17. #17
    All League
    Join Date
    Apr 2003
    Location
    Middletown Md
    Posts
    673
    Post Thanks / Like
    [quote][i]Originally posted by southernjet[/i]@Dec 11 2003, 04:35 PM
    [b] one piece of advice to clark if he gets elected with Hillary as VP.......dont go anywhere without bodyguards, hire a food taster, dont go near any state parks......... [/b][/quote]
    LOL

  18. #18
    All League
    Join Date
    Apr 2003
    Location
    Middletown Md
    Posts
    673
    Post Thanks / Like
    [quote][i]Originally posted by tailgators[/i]@Dec 11 2003, 03:21 PM
    [b] John Kerry is a remarkable man who could tear Bush apart point by point. [/b][/quote]
    Now.....If you could convince him to stop dropping F-Bombs during interviews...................

  19. #19
    Banned
    Join Date
    Apr 2003
    Location
    Kingston, NY
    Posts
    3,975
    Post Thanks / Like
    [quote][i]Originally posted by MARYLAND JET+Dec 12 2003, 10:47 AM--></span><table border='0' align='center' width='95%' cellpadding='3' cellspacing='1'><tr><td>[b]QUOTE[/b] (MARYLAND JET @ Dec 12 2003, 10:47 AM)</td></tr><tr><td id='QUOTE'> <!--QuoteBegin--tailgators[/i]@Dec 11 2003, 03:21 PM
    [b] John Kerry is a remarkable man who could tear Bush apart point by point. [/b][/quote]
    Now.....If you could convince him to stop dropping F-Bombs during interviews................... [/b][/quote]
    It&#39;s funny how people who want to ruin others pick up on the littlest things to score cheap points.

    Did you read the interview? If not here it is&#33;

    John Kerry&#39;s Desperate Hours
    The one-time Democratic front-runner is fighting for his survival

    December 02, 2003

    Rolling Stone Magazine
    by Will Dana

    On a Friday in November, at the end of a tough week, John Kerry projects an aura of friendly confidence that suggests he is either out of touch with reality or has the serenity of a Zen master. In the last five days, Kerry has fired his campaign manager and then seen two staffers walk out the door. He has decided to opt out of the public financing for his campaign -- ostensibly to keep up with his chief rival, blunt, plain-spoken former Vermont governor Howard Dean, who made a similar decision earlier in the week, but also, as Time will report a few days later, because his campaign is having trouble persuading anyone to write a check.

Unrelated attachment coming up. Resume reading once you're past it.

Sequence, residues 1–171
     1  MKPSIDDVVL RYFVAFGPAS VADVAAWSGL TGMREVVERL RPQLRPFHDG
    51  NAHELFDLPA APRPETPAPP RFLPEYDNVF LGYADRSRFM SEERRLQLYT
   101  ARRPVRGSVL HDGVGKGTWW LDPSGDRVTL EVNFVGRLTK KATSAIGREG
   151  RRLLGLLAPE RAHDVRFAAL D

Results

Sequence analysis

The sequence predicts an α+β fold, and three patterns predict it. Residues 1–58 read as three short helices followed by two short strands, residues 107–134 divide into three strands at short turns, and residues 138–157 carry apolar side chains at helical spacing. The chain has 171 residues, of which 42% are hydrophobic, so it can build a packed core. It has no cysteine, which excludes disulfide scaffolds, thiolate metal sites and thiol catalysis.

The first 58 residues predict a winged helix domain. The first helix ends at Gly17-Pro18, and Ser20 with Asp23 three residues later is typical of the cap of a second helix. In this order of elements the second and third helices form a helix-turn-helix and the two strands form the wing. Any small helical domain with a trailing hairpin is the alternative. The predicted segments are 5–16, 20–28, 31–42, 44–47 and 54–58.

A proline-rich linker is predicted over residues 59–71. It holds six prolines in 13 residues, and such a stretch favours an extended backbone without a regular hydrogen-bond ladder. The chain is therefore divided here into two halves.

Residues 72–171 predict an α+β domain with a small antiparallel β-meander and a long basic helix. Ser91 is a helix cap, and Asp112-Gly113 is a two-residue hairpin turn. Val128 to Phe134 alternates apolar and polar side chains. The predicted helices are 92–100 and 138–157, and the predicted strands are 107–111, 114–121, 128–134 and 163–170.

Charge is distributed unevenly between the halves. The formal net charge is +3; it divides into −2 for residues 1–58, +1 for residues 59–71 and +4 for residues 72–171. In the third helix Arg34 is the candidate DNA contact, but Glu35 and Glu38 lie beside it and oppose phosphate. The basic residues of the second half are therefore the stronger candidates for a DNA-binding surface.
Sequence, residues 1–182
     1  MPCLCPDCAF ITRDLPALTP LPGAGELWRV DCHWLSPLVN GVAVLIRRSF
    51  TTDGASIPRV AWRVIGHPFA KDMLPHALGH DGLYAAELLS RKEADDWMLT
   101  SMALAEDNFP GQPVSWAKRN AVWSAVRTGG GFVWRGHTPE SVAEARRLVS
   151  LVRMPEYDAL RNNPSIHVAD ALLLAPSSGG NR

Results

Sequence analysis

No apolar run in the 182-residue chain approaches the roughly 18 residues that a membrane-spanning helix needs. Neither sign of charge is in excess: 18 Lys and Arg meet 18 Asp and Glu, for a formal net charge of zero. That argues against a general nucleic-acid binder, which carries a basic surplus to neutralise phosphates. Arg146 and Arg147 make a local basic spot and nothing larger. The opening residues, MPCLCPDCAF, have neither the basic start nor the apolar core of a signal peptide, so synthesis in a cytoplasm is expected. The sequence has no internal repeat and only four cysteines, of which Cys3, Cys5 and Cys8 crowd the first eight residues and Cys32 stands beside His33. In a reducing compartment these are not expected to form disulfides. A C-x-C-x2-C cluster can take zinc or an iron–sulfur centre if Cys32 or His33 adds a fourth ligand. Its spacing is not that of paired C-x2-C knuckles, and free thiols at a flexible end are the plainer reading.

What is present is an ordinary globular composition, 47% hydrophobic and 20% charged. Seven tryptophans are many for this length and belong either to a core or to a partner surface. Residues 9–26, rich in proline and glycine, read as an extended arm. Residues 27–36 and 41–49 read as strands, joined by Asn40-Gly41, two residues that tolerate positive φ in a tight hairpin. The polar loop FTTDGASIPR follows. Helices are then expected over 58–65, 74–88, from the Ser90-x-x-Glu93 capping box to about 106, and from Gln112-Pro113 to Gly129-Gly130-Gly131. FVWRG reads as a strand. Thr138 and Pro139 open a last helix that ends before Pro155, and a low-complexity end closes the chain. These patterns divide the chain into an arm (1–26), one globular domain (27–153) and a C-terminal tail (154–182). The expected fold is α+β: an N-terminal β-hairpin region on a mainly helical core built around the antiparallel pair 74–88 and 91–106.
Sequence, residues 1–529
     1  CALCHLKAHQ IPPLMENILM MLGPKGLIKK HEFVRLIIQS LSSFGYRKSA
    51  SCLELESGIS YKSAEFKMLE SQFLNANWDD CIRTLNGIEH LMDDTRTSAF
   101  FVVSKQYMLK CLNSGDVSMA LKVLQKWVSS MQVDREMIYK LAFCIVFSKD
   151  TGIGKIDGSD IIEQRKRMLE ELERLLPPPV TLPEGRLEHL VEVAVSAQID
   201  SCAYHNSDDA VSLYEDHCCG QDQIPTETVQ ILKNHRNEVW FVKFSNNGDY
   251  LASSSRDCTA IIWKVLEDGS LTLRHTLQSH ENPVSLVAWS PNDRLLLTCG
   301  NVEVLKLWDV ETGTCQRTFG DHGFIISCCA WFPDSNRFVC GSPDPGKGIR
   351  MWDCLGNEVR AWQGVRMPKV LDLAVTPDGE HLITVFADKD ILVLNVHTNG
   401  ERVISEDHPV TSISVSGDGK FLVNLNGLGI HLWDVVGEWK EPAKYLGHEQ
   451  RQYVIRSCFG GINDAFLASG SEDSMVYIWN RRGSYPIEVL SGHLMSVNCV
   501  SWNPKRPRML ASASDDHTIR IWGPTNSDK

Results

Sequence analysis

Until pretty much the moment he started running in earnest earlier this year, Kerry&#39;s campaign for the Democratic Party&#39;s presidential nomination had about it an aura of inevitability. Most watchers attributed the four-term Massachusetts senator&#39;s overconfidence to a hubris born of his patrician roots. The shorthand became: Because this guy went to a fancy prep school and then was tapped to join Skull and Bones at Yale, he just naturally assumes the nomination is his. But in person, Kerry projects something different: He doesn&#39;t seem elitist or aloof. Just the opposite, in fact. He is eager to connect, intense and hopped-up, pulling near-strangers in tight for old-friends-style handshakes, throwing around a lot of "man" and "dude." In these moments, the detail about Kerry that seems most important is not his elitist roots but the fact that he&#39;s a sixty-year-old guy who likes to snowboard.

    Kerry brings to the race a dramatic life story and a resume so perfectly burnished that he seems almost a fictional creation. Born into an old-line family of Boston Brahmins, he was educated at Swiss boarding schools before attending St. Paul&#39;s and then Yale. As a teenager, he sailed off Newport, Rhode Island, with President John F. Kennedy. A few years later, as a young naval officer, he became a bona fide war hero in Vietnam, then returned home in 1969 and emerged as a prominent anti-war activist. He co-founded Vietnam Veterans Against the War, testified in Congress, headlined a peace rally with John Lennon and became a target of the Nixon White House ("Destroy the young demagogue before he becomes another Ralph Nader," wrote Nixon aide Charles Colson in a memo to the president).

    Kerry was elected to the Senate in 1984 after working as a prosecutor and serving as lieutenant governor of Massachusetts. In the Senate, he became known for his high-profile investigations: He was one of the first members of Congress to probe the Iran-Contra scandal; in 1988, he helped uncover the massive BCCI banking scandal. In the Nineties, he joined Arizona senator John McCain to investigate -- and put to rest -- claims that American POWs were still being held in Vietnam. More recently, he led the fight to protect the Arctic National Wildlife Refuge from oil drilling.